Kimberley Tourism

The Minister for Tourism, Martin Ferguson AM MP and the Minister for Environment Protection, Peter Garrett AM MP, today (13 April 2010) announced the Kimberley region will be included in Tourism Australia’s National Landscapes Program and will feature prominently within Australia’s future international tourism marketing.

Broome WAThe Kimberley is Western Australia’s first region in the National Landscapes Program which highlights iconic destinations across Australia.

Landscapes are nominated by local communities, in this case the Kimberley National Landscapes Steering Committee.

With the support of Tourism Australia and Parks Australia, the Steering Committee will now bring together tourism industry and government stakeholders to identify commercial opportunities, environmental management priorities, infrastructure gaps and marketing plans.

Broome Camel Rides WANearly two thirds of international visitors identify an Australian nature experience as a highlight of their visit.

The National Landscapes Program aims to promote Australian landscapes which will be major drawcards for international visitors because of their natural and cultural values.

It also aims to help regional tourism operators develop quality tourism products and services that capitalise on these values, celebrating the environmental significance and importance of the unique landscapes that are part of the program.

Broome Sunset WAMinister Ferguson said: “The Kimberley’s rich Indigenous history and culture, pearling and mining history, ancient gorges, spectacular waterfalls, rugged wilderness and remote beaches make it an obvious choice for the National Landscapes Program.

“It is a vast wilderness area more than twice the size of my home State, Victoria.

“The National Landscapes Program offers great opportunities for Indigenous training, employment and business development in both tourism and conservation.

“Tourism is a major source of employment across the Kimberley with more than 1500 tourism organisations providing jobs for rangers, pilots, cruise ship crews, chefs and many other trades and professions.

Minister Garrett said: “The Kimberley is a stunning part of Australia, internationally renowned for its vibrant Indigenous culture and unique environment and of course, the world famous Cable Beach.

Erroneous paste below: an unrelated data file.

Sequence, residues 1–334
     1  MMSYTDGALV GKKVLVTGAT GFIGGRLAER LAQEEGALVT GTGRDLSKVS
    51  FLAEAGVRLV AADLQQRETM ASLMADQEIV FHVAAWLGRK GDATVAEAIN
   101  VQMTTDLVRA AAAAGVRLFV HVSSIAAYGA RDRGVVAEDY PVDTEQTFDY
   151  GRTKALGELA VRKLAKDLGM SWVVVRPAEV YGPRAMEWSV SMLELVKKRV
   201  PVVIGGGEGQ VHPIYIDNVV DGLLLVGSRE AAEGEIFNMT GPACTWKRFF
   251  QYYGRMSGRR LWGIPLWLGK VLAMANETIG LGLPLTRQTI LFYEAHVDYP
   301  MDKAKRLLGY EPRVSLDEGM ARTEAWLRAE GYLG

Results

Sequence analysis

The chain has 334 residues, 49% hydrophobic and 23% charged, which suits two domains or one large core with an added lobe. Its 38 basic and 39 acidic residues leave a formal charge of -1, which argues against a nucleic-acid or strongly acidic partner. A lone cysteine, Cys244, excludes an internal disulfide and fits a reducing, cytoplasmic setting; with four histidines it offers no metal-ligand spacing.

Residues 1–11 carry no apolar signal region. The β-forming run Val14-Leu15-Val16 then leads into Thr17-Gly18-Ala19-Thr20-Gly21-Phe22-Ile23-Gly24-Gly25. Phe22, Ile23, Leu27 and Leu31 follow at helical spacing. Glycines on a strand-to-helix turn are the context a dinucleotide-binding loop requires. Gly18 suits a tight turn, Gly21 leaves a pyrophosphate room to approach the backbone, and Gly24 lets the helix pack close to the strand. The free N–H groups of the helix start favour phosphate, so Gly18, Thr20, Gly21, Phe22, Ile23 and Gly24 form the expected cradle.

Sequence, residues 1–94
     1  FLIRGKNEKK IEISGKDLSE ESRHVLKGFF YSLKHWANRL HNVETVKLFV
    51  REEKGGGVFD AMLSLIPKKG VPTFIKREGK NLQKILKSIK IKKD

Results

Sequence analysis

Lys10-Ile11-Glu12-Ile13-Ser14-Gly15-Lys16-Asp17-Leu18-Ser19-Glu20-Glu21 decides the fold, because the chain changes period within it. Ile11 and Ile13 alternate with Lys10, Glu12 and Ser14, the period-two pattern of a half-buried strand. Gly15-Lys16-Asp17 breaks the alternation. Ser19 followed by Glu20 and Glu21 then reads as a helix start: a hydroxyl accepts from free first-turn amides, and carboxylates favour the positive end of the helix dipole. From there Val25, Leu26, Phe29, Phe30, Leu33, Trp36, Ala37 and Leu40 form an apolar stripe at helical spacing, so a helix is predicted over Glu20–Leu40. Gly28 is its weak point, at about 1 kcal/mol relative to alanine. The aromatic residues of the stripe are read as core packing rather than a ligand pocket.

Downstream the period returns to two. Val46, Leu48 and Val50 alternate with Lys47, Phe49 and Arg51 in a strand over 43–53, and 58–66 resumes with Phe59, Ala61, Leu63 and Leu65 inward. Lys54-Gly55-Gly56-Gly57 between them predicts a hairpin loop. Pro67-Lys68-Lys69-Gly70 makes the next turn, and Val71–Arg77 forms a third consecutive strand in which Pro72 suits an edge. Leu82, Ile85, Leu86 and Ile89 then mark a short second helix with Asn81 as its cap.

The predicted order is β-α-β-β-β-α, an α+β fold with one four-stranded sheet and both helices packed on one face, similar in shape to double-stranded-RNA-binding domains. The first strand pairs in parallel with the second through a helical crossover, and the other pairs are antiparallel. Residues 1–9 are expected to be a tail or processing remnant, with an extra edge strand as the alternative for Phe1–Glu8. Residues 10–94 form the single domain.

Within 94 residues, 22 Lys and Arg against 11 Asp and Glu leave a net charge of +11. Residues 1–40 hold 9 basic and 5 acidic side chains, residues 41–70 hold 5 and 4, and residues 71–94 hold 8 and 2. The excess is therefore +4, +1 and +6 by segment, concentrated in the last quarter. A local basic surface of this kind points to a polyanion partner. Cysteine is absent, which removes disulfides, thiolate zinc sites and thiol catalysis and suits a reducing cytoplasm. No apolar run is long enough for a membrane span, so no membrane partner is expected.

The Kimberley Tanami Track WA“The inclusion of the Kimberley in the National Landscapes Program recognises the extraordinary environmental importance of the Kimberley, from the beauty and incredible diversity of the marine environment to the ecological diversity of this huge north-western landscape.

“The Kimberley region now joins destinations such as Australia’s Red Centre, Kakadu and the Australian Alps as part of a program which sees tourism and conservation working in partnership to promote some of the extraordinary natural landscapes that make our country both so unique and such an international tourism drawcard.”

The Kimberley Western AustraliaThe Ministers made the announcement on a visit to Broome before travelling to Kununurra for the first Kimberley Land Council Ranger Forum, celebrating the important role Indigenous Rangers play in the management and environmental protection of the region.

Through the Government’s Working on Country Program, supported by the Kimberley Land Council, 65 Indigenous Ranger positions at eight communities across the Kimberley, including the Miriuwung Gajerrong Rangers in Kununurra, have been supported, creating employment opportunities for Indigenous people working on country and protecting the unique natural values of the region.

The Kimberley Fitzroy CrossingThe Ministers congratulated Parks Australia, Tourism Australia, the Kimberley National Landscapes Steering Committee (chaired by Marilynne Paspaley AM), tourism operators and conservation groups for all the hard work they have put in to get the Kimberley ready for inclusion in the Program.

Tourism is a $40 billion industry employing nearly 500,000 Australians and contributing nearly 4 per cent to annual GDP. In Western Australia, tourism directly employs more than 45,000 people and contributes $3 billion to the Western Australian economy each year.

Photos Credit: Tourism Australia

Bureaucracy and Tourism Like Chalk And Cheese

A contributory article by Joanna Gash MP (Mrs)
Shadow Parliamentary Secretary for Tourism

One of the basic rules about retailing is not to impose obstacles to customers to spend their cash.

Obviously a prudent and sensible rule but one, it seems, that has not dawned on government bureaucracy.

In the area of tourism, it is the government’s role to introduce strategies to grow the industry.

Government is a stake holder in tourism, not only supplying the infrastructure but also as a custodian of natural resources upon which a lot of domestic tourism relies.

Take Kakadu Park as an example or Uluru or the Great Barrier Reef. Natural wonders – come and have a look.

Of course some wear and tear can be expected so it is fair enough to defray some of the operational costs. But it needs to be done in such a way as not to be a put off to the customer.

I was perturbed to read recently in an article by Ross Bennett on the website, that the NSW Government, or more specifically, the National Parks and Wildlife Service can charge people for taking photographs within a reserve or nature park.

It seems that under a very broad definition, photographers can be fined $3,300 for taking a snap. Although they talk about a ‘commercial photograph’, no one has bothered to define exactly what that means.